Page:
One local resident Walter Molewa said that the rubbish in Stjwetla, an area situated on the banks of the Jukskei river, has been piling up for years.
“Where is Pikitup? They hire people to clean everyday but where do they clean? This rubbish has been here for five years,” said Molewa.
Another resident, Victor Mahlaule, said “We have no life here, there’s no cleanliness.”
Gauteng generates 45 percent of the country’s waste.
With rapid urbanisation, the pressure on waste management infrastructure is overwhelming.
“In the past five years, a million people moved to Gauteng. There’s almost 20,000 people who move into the different parts of our province every month and so it puts lots of pressure on education, healthcare and the demand for housing,” said Gauteng Premier David Makhura.
Levels of waste are high in Stjwetla, with rubbish buried into the river embankment and a large mountain of waste next to communal taps.
“It is hazardous, this is a disaster, this is undesirable, and this is inhuman. We shouldn’t be having a situation like this but it’s unfortunate, it’s a sad reality and we have to do something as government,” said Maile.
Plans include building more parks and vegetable gardens to ensure that the public space is occupied and to deter illegal dumping.
According to authorities, 60% of Gauteng’s waste is recyclable. This, according to Premier Makhura, presents major employment opportunities.
“Recycling can be a source of income for many in our communities so we want to work with them to ensure that we keep our province clean,” said Makhura.
However, after many years and different premiers Molewa said he was tired of false promises.
“Nomvula Mokonyane, Mbazhima Shilowa and Mathole Motshegka didn’t sort this place out. They’re playing games these guys,” he said.
Resident Emmanuel Malatji said, “This kind of problem is going on and on because we don’t have a dustbin, plastic bags and there’s no skip where we can recycle.”
“It’s not that we’re happy to live in a place like this – in this condition. All we need to have a skip where we can through rubbish so they can come and collect it easily,” he said.
The province has already invested R16-million in the programme and are calling on the private sector for more funds.
“We need a lot more money,” said Maile.
University fees have been under the spotlight since the latter parts of 2015, when students rose up in protest against the restrictive costs to study.
Following weeks of protests in October and November 2015, President Jacob Zuma eventually declared there would be a no fee increase at universities in 2016. To absorb the loss of revenue, government set aside R6.9 billion in additional funding for universities.
However, according to higher education minister, Blade Nzimande, on top of government funding, corporates in South Africa need to foot the bill for higher education, as they will ultimately be absorbing the skilled workforce.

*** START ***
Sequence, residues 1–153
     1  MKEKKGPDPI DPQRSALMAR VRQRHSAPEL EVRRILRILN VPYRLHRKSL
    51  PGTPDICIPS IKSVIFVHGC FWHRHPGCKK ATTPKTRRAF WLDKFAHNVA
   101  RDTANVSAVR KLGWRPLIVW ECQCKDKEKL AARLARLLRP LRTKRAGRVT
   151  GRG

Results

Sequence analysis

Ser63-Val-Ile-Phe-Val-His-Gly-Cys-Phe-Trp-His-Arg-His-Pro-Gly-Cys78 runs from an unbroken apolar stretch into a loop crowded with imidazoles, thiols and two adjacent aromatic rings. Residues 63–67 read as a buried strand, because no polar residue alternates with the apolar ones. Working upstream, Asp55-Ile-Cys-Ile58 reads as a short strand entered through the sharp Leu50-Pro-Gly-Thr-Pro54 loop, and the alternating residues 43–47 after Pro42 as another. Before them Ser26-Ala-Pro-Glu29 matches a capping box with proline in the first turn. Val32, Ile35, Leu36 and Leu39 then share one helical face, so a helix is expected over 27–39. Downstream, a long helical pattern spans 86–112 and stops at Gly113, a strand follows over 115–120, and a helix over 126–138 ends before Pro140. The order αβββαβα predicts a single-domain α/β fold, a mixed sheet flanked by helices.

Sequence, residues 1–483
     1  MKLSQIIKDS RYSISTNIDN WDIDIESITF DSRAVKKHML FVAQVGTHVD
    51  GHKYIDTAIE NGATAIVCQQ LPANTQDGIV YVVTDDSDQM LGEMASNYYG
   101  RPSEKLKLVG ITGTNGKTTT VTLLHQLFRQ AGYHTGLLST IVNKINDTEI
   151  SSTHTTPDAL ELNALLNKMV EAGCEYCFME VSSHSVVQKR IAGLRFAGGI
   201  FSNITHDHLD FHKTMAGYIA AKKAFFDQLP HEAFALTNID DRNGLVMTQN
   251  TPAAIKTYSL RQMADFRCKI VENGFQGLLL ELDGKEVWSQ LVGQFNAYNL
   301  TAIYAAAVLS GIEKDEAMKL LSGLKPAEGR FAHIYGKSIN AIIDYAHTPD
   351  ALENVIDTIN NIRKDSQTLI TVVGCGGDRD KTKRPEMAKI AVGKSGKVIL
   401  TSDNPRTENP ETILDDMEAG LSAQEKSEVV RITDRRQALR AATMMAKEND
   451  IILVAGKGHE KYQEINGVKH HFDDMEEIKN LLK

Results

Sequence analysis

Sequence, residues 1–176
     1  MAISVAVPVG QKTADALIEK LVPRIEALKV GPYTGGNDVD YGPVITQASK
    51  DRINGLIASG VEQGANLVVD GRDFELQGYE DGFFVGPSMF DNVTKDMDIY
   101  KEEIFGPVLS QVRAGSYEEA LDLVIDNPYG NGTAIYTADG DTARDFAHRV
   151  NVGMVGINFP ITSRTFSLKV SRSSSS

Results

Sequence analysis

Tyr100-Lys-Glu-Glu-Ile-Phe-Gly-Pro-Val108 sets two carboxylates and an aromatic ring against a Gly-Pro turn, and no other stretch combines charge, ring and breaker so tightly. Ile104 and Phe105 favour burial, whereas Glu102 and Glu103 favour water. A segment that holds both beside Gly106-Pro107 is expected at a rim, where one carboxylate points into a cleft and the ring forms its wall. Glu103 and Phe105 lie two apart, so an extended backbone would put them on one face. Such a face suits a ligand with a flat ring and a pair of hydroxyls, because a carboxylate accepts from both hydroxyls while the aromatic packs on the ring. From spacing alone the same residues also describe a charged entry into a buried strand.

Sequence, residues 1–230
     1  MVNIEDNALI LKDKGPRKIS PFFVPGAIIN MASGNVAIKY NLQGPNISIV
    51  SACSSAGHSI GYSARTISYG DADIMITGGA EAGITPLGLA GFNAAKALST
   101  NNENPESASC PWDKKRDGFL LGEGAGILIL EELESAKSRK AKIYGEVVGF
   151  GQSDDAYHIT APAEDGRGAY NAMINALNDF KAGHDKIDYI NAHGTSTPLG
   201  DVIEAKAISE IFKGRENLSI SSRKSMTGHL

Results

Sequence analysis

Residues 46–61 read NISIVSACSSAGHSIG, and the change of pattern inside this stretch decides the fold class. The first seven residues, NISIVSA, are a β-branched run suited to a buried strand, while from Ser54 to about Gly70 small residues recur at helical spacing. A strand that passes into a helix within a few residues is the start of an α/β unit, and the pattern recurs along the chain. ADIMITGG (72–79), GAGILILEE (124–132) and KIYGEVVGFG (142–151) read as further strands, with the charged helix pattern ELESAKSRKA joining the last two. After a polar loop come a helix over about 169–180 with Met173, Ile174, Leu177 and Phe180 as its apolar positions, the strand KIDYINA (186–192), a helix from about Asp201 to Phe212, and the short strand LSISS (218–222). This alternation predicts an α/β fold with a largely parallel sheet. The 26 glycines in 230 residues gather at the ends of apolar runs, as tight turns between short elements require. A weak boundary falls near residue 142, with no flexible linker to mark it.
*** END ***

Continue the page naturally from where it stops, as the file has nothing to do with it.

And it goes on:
Many companies in South Africa already offer a number of bursaries and scholarship programs, which help students pay for part of or all of the fees needed to study.
Bursaries and scholarship programs are often tied to recruitment, as companies pay for students to develop specific skills they are in need of.
BusinessTech looks at the 10 biggest companies on the JSE (excluding the recently-listed AB Inbev Breweries), to determine what graduate programs they offer.
It’s important to note that the bursaries listed below are not always an annual given – that is, bursaries for many of the fields of study paid for by the companies only open up when the specific skills are needed.
On top of bursaries, South Africa’s biggest companies do also offer apprenticeships and other opportunities.
With bursaries closed for study in 2016, prospective students should apply now (where applicable) for study in 2017.
1. British American Tobacco
British American Tobacco offers bursary options for students that have an undergraduate degree or are in their final year of study in these subjects:
- Agricultural Science
- Food Technology
- Food Chemistry
- Natural Science
- Physical Chemistry
- Public / International Relations
- Bcom Law
- Human Resources
The skills the group is targeting are primarily in (but not limited to) these fields:
- Information Technology (undergrad and post-grad)
- Industrial Engineering (undergrad and post-grad)
- Marketing (post-grad)
- Accounting (post-grad)
Applications usually close at the end of August each year.
SABMiller says that it is committed to helping South Africa develop its skills, and it does so by offering academic bursaries to deserving SA students.
On top of the financial support, the group says its bursars are “afforded the opportunity to learn more about the world of work”.
SABMiller offers bursaries in these areas of study:
- Control and automation
- Supply chain
Naspers says it is committed to developing its own employees as well as extending training outside the group to develop a “talent pipeline”.
“Given the strategic importance of technology and intellectual property to our sustainability in a competitive market, skills development is a priority for Naspers.”
The group has developed the “Naspers Academy” – which develops specific skills needed by the group (in terms of Internet engineering and classified businesses).